Rosh Hashana is the holiday that marks the beginning of a new year in the Hebrew calendar. Rosh Hashana is celebrated as a two-day holiday that starts on the first day of the Hebrew month Tishrei (see Hebrew Calendar). The word rosh (ראש) in Hebrew means 'head' or 'beginning', and the word shana (שנה) means 'year' as a noun. The 'ha-' prefix is the definite article similar to 'the' in English. As a verb, the word שנה, means to repeat or to change.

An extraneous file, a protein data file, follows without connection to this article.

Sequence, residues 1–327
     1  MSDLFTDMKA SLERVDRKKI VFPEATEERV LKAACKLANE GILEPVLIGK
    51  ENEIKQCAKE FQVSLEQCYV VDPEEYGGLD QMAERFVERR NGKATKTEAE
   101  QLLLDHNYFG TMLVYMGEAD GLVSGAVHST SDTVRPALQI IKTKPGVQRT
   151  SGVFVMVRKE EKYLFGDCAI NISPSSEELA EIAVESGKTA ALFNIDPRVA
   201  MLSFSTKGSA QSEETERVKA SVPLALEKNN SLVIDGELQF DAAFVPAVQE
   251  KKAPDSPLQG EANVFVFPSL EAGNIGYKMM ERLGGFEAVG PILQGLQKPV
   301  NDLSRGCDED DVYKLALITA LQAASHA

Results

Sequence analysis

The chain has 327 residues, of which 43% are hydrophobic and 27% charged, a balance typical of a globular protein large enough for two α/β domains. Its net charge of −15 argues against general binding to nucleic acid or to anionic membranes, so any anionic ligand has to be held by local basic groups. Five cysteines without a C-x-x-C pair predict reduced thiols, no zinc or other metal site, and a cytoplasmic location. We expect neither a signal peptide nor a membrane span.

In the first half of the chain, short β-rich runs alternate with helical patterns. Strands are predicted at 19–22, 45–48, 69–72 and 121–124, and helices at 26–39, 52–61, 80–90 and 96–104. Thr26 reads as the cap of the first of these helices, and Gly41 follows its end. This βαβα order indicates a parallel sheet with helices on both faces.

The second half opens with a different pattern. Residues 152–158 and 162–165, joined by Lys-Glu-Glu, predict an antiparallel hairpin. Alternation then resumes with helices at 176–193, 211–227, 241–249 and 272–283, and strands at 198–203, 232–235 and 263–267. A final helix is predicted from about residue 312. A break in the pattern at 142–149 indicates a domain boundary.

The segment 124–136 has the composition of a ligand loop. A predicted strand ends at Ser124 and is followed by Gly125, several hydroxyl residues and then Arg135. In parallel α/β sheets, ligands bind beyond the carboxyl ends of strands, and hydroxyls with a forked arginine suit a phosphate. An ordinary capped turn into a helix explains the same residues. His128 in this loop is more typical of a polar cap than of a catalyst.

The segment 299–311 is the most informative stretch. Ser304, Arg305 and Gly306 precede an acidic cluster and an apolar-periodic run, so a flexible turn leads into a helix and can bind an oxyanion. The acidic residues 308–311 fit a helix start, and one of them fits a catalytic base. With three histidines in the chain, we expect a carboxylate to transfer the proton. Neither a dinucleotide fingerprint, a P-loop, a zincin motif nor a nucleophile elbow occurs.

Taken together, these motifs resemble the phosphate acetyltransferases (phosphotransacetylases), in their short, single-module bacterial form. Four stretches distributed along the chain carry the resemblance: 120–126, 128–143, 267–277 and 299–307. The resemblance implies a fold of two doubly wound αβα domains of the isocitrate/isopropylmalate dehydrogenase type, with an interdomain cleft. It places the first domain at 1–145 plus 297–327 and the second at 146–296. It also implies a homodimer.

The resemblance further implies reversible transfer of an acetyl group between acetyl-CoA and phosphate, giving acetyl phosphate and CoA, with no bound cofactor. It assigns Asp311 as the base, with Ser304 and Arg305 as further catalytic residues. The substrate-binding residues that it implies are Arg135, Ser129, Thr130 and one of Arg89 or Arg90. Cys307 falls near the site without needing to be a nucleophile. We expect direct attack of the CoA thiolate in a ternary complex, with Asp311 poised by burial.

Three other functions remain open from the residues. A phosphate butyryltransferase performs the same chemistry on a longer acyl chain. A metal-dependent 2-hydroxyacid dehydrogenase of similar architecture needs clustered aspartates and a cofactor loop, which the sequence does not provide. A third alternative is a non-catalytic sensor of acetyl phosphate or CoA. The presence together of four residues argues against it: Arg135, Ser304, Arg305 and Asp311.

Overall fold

Rosh Hashana marks the beginning of ten days of repentance (עשרת ימי תשובה) that culminate with the Yom Kippur (יום כיפור) that is considered the day of judgment for the new year.
Mention of Rosh Hashana in the Torah
- And in the seventh month, on the first day, there shall be a holy convocation for you; you shall not perform any mundane work. It shall be a day of shofar sounding for you.